Thousands of Catalans took to the streets of Barcelona on Friday night to demonstrate against the Spanish judge’s decision.

The arrests make it even more difficult to form a new government in the region. The separatists have a majority, but all their leaders are now either in jail or in self-imposed exile. Read more

Putin Wins Sham Election, Trump Battles FBI

Russian president Vladimir Putin participates in a videoconference from the Kremlin in Moscow, December 27, 2016
Russian president Vladimir Putin participates in a videoconference from the Kremlin in Moscow, December 27, 2016 (Presidential Press and Information Office)

To no one’s surprise, Russia’s Vladimir Putin won another six-year term as president on Sunday. Against a slew of unimpressive, Kremlin-approved candidates, Putin supposedly won 76 percent support with 67 percent turnout.

Here is the best analysis I’m reading:

  • Robert Coalson: The Kremlin has placed Putin entirely above and outside of politics. His supporters may complain about various policies or problems in their lives, but they don’t connect those problems with Putin.
  • Mark Galeotti: Having turned the law into an instrument of state policy and private vendetta, having turned the legislature into a caricature without power of independence, and having encouraged a carnivorous culture of self-aggrandisement and enrichment, can Putin afford to become an ex-president? Conventional wisdom would say that he cannot; without being at the top of the system, he is at best vulnerable, at worst dead, and he knows it.
  • Torrey Taussig: One of the greatest threats to a personalist regime’s stability is succession. Systems governed around a cult of the individual set up a self-defeating incentive structure. Once power has been consolidated, the leader will seek to eliminate able and ambitious competitors who could threaten his rule. This strategy, while effective in the short term, hollows out the leadership funnel in the long term. Unlike in autocracies run by strong parties, in which leaders rise within the party’s hierarchy, personalist systems have no institutional structure for preparing the next generation of autocrats. Read more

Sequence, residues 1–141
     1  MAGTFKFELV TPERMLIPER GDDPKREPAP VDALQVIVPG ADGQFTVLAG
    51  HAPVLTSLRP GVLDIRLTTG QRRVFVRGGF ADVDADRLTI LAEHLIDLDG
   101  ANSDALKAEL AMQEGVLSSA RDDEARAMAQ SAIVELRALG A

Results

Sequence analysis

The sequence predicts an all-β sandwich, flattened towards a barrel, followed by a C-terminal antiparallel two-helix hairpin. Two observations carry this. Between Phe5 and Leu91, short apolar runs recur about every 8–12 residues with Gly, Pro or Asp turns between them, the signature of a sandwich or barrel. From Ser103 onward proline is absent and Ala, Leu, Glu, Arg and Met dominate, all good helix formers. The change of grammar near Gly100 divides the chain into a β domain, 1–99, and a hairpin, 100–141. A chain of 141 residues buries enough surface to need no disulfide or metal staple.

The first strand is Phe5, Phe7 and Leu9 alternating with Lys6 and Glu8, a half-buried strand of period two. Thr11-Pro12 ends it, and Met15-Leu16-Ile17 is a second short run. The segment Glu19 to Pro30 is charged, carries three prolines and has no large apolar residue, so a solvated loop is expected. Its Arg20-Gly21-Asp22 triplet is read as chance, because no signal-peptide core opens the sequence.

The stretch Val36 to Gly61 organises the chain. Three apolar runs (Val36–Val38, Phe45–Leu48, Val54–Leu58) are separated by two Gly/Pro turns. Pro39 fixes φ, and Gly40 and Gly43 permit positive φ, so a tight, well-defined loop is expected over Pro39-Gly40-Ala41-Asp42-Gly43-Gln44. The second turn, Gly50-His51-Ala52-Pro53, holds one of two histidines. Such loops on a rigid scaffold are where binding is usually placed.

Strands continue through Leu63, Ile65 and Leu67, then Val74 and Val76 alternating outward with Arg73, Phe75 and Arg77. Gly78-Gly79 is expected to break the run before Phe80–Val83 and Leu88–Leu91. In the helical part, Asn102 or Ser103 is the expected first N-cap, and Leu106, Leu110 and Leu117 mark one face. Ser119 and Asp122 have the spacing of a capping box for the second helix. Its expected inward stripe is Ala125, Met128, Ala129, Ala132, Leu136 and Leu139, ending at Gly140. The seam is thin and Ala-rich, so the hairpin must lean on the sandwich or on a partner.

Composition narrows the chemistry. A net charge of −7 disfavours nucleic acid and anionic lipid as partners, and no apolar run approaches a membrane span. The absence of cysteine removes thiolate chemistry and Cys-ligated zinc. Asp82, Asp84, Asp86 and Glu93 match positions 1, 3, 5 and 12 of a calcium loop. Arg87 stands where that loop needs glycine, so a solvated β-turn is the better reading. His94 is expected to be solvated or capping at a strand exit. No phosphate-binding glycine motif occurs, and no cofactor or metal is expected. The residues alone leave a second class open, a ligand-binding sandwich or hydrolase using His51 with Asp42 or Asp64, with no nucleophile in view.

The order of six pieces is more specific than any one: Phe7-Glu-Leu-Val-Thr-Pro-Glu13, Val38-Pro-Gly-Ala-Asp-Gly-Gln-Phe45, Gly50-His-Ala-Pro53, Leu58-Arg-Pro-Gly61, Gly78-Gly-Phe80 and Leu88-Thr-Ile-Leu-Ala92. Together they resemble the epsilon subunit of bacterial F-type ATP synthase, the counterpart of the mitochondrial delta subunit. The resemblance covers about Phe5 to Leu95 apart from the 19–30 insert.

Good, Bad and Ugly in Trump’s Drug Plan, Corbyn Parrots Russian Talking Points

American president Donald Trump gives a speech at the Conservative Political Action Conference in National Harbor, Maryland, February 24, 2017
American president Donald Trump gives a speech at the Conservative Political Action Conference in National Harbor, Maryland, February 24, 2017 (Michael Vadon)

Politico reports that Donald Trump is eying common-sense drug reforms — as well as the death penalty for drug dealers.

Here is the good, bad and ugly in the president’s plan to fight America’s opioid epidemic. Read more

Everything You Need to Know About the Russian Spy Poisoning

British prime minister Theresa May answers questions in the House of Commons in London, England, July 20, 2016
British prime minister Theresa May answers questions in the House of Commons in London, England, July 20, 2016 (UK Parliament/Jessica Taylor)

Former Russian double agent Sergei Skripal and his daughter, Yulia, were poisoned with a nerve agent in the United Kingdom two weeks ago. The British government blames Russia for the attack.

Here is everything you need to know about the attack and its consequences. Read more